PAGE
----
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    Vote no1 FG, it'll be grrrrrrrrrrrrrrrrrrrrrrrreat

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    Quote Originally Posted by Panopticon View Post
    Legally, they must dissolve all equity before imposing losses on holders of debt. This is a standard principle of corporate law and it is respected in every country. This would entail, in effect, the dissolution of the Irish banking system, as the State controls the banks through preference shares.
    Can you elaborate on this point, please? (it stands to reason).

    In any normal liquidation, after the liquidator and revenue are paid, and then registered secured creditors, with the unsecured taking a cut of what's left. Anglo is obviously not a normal liquidation. But if the shareholder (us) loses the benefit of their 'asset' , then they are not pursued for debts. Next in line is the unsecured creditors (subordinated unguaranteed debt holders who face a severe haircut but not a complete wipeout to encourage takeup), surely the unguaranteed unsecured senior bondholders come next? How does the preferential shareholder (us again) get hit beyond losing what we have already 'invested'?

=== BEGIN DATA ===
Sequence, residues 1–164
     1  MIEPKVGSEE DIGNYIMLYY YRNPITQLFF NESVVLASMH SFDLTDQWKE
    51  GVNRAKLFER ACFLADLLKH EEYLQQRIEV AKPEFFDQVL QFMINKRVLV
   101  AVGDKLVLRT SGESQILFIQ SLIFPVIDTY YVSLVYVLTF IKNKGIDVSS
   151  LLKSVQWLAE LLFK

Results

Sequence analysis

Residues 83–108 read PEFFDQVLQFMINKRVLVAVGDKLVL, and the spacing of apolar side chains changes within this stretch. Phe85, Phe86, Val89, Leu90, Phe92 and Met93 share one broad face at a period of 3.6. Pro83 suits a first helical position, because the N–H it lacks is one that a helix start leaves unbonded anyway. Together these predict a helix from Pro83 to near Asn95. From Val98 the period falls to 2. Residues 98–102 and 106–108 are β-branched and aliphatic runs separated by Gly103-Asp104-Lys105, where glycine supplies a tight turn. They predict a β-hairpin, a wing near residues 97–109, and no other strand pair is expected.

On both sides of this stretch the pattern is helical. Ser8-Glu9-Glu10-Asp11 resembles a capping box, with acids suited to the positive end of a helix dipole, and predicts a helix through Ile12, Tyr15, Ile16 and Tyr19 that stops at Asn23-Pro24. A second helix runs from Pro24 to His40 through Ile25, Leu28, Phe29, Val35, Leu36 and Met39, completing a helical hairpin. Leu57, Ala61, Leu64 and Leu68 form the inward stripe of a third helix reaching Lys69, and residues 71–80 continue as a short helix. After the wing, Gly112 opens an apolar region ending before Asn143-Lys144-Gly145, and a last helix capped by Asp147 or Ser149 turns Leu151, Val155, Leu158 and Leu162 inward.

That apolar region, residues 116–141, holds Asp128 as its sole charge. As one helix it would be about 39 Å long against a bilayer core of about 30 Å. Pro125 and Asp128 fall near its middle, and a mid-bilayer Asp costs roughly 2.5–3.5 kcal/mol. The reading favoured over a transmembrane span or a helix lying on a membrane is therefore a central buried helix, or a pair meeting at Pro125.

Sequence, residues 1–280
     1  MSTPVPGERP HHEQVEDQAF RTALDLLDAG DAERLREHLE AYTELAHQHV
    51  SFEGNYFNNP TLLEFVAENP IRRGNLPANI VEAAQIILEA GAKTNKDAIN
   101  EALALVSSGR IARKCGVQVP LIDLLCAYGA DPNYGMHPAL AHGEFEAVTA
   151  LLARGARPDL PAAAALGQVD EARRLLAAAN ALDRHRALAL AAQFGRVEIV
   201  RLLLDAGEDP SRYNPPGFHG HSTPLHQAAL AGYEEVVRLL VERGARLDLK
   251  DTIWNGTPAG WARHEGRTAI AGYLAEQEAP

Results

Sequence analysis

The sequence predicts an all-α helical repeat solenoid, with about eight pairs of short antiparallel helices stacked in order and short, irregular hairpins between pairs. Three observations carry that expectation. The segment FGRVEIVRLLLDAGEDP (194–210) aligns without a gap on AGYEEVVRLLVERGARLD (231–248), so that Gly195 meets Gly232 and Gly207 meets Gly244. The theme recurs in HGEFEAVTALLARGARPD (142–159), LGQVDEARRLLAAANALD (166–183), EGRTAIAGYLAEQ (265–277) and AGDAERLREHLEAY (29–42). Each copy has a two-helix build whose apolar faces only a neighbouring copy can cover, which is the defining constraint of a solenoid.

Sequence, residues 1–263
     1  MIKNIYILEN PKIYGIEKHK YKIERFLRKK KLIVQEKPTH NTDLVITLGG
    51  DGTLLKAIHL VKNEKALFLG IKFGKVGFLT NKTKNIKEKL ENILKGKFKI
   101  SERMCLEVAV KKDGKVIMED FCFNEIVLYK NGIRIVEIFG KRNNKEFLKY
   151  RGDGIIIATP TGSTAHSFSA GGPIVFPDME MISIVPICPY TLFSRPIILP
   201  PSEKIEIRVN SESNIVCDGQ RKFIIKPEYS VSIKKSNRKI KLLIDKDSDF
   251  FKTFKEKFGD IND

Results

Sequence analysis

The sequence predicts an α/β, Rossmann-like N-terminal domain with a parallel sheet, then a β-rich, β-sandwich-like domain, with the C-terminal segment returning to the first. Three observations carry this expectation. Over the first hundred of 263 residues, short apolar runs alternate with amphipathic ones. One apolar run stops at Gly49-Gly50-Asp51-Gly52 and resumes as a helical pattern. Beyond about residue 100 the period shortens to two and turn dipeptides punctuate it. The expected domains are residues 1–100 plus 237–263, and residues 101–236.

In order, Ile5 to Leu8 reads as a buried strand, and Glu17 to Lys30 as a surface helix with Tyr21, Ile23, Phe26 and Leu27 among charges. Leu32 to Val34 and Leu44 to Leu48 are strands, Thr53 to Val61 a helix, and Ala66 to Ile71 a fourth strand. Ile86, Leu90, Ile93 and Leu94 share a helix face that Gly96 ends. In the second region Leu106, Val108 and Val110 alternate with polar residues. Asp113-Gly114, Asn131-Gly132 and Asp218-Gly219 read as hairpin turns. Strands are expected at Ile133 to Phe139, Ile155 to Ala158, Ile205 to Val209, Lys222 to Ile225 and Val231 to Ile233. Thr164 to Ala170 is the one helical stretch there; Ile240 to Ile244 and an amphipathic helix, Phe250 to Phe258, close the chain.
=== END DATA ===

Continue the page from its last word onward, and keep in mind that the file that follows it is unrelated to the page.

(apologies for my ignorance and if I have confused terminology/concepts). Thanks.

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    Politics.ie Member hammer's Avatar
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    Quote Originally Posted by macs magic View Post
    Vote no1 FG, it'll be grrrrrrrrrrrrrrrrrrrrrrrreat
    Vote DELUDED Fianna FAIL IMF Anglo No 1.

    We know we destroyed the country and its people.
    Next time will be different

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    Quote Originally Posted by Panopticon View Post
    Legally, they must dissolve all equity before imposing losses on holders of debt. This is a standard principle of corporate law and it is respected in every country. This would entail, in effect, the dissolution of the Irish banking system, as the State controls the banks through preference shares.
    Sounds good to me.

    No point holding onto institutions that are sucking the lifeblood out of the economy.